What is behind the split decisions that we make all the time? What mental processes go behind our first impressions and our snap judgments?
Malcolm Gladwell, the best selling author of The Tipping Point, explores these questions in his challenging book Blink. Gladwell draws from a fascinating array of stories of people who rely on their first impressions—art critics able to identify a supposedly ancient Greek statue as a fraud in mere seconds, a psychologist who is able to predict whether or not a married couple will stay married after a single session, and a tennis coach who developed the ability to predict when one of his players was about to double-fault.
What do all of these people have in common? According to Gladwell, these people all have the ability to “thin-slice.” Thin-slicing is the ability to draw conclusions by looking at a small piece of data—the moment takes to form a first impression. Thin-slicing is a survival skill, our nervous system is constantly taking in overwhelming volumes of information and “thin-slicing” is how we quickly make sense of that data.
Gladwell respects the dangers of our ability to process information quickly. In Chapter Three: “The Warren Harding Error”, we find that our thin-slicing has a dark side. Gladwell points out that inherit in thin-slicing is a susceptibility to fall victim to the power of stereotyping. We meet Warren Harding, who is widely recognized as one of the worst presidents in our history. Why did voters place him in office, in spite of his lack of qualifications? Thin-slicing. Harding was tall, handsome and looked the part of a leader. This chapter points out how thin-slicing is related to racial stereotyping.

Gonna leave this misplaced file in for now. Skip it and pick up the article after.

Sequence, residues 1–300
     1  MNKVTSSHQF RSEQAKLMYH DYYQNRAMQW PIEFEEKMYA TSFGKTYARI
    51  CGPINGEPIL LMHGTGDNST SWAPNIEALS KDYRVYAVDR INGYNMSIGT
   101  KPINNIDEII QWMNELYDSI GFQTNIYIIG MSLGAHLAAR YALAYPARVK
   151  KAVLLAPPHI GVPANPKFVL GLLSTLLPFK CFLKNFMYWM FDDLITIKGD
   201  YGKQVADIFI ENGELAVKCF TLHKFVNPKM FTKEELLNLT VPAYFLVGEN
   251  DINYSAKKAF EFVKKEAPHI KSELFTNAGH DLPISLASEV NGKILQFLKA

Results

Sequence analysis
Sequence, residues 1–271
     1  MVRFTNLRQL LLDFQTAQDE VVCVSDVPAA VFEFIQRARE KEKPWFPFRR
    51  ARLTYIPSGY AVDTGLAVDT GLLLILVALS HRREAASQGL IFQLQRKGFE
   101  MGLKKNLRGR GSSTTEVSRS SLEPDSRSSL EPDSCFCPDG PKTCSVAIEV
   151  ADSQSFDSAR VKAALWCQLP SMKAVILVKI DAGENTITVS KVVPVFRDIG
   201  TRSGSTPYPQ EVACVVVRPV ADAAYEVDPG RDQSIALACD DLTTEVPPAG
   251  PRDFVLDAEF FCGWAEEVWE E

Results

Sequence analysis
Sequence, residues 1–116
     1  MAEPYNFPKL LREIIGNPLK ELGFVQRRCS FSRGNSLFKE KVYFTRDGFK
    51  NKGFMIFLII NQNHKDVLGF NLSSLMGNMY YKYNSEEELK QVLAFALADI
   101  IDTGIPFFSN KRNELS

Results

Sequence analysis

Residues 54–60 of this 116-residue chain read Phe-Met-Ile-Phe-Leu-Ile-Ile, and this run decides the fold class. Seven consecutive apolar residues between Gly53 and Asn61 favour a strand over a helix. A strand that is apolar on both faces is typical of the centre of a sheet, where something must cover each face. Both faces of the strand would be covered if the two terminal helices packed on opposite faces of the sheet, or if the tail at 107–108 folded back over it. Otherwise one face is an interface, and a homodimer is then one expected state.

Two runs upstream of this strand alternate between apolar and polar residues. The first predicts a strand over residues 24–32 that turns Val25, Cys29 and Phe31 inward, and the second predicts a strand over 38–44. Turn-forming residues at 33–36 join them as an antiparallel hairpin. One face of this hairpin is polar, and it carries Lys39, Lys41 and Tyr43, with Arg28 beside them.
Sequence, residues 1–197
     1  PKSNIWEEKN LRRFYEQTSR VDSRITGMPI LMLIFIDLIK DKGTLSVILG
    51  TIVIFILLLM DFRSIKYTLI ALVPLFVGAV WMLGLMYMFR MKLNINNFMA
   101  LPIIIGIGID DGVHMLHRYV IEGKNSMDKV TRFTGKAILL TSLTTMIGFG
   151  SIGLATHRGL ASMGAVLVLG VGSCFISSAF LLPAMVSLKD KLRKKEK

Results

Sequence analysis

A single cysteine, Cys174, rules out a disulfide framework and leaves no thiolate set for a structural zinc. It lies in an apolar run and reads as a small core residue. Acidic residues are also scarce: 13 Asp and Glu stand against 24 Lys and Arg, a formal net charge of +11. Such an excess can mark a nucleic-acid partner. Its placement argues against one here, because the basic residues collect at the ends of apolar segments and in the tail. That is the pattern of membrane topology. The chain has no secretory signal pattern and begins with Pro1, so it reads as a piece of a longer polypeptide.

What are we to do with this new-found knowledge that we “thin-slice?” Gladwell suggest that while we can’t stop thin-slicing, we can train ourselves to pay attention pertinent factors– factors that will help us make accurate and valuable decisions in a blink.
Gladwell has given us a brilliant read that entertains and informs. Gladwell effortless delivered a lesson in neuroscience to his readers. However there’s nothing “textbook” like about Blink. Blink is a compelling, fast-paced read that is sure to get you thinking about how you think.
Questions for children's ministers: — How can "thin slicing" get in the way of our abililty to truly welcome visitors or identity potential volunteers? — What criteria can you use to accurately evaluate the health of a classroom in seconds? Smiling children? Noise Level? The presence of discussion?